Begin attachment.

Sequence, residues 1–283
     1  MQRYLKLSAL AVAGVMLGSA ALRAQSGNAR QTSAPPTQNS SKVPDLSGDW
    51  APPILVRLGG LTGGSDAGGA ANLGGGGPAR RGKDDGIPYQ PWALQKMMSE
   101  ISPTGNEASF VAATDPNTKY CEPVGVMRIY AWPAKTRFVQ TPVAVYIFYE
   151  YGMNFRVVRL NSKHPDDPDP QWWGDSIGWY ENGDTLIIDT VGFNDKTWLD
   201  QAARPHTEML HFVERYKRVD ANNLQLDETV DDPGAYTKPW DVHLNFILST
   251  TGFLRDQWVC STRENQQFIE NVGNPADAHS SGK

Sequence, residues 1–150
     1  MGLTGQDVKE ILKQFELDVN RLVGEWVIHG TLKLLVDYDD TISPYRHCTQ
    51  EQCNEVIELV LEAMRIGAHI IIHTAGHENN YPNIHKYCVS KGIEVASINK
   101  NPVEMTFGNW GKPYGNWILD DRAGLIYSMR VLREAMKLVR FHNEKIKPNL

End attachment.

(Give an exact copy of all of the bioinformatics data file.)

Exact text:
Sequence, residues 1–283
     1  MQRYLKLSAL AVAGVMLGSA ALRAQSGNAR QTSAPPTQNS SKVPDLSGDW
    51  APPILVRLGG LTGGSDAGGA ANLGGGGPAR RGKDDGIPYQ PWALQKMMSE
   101  ISPTGNEASF VAATDPNTKY CEPVGVMRIY AWPAKTRFVQ TPVAVYIFYE
   151  YGMNFRVVRL NSKHPDDPDP QWWGDSIGWY ENGDTLIIDT VGFNDKTWLD
   201  QAARPHTEML HFVERYKRVD ANNLQLDETV DDPGAYTKPW DVHLNFILST
   251  TGFLRDQWVC STRENQQFIE NVGNPADAHS SGK

Sequence, residues 1–150
     1  MGLTGQDVKE ILKQFELDVN RLVGEWVIHG TLKLLVDYDD TISPYRHCTQ
    51  EQCNEVIELV LEAMRIGAHI IIHTAGHENN YPNIHKYCVS KGIEVASINK
   101  NPVEMTFGNW GKPYGNWILD DRAGLIYSMR VLREAMKLVR FHNEKIKPNL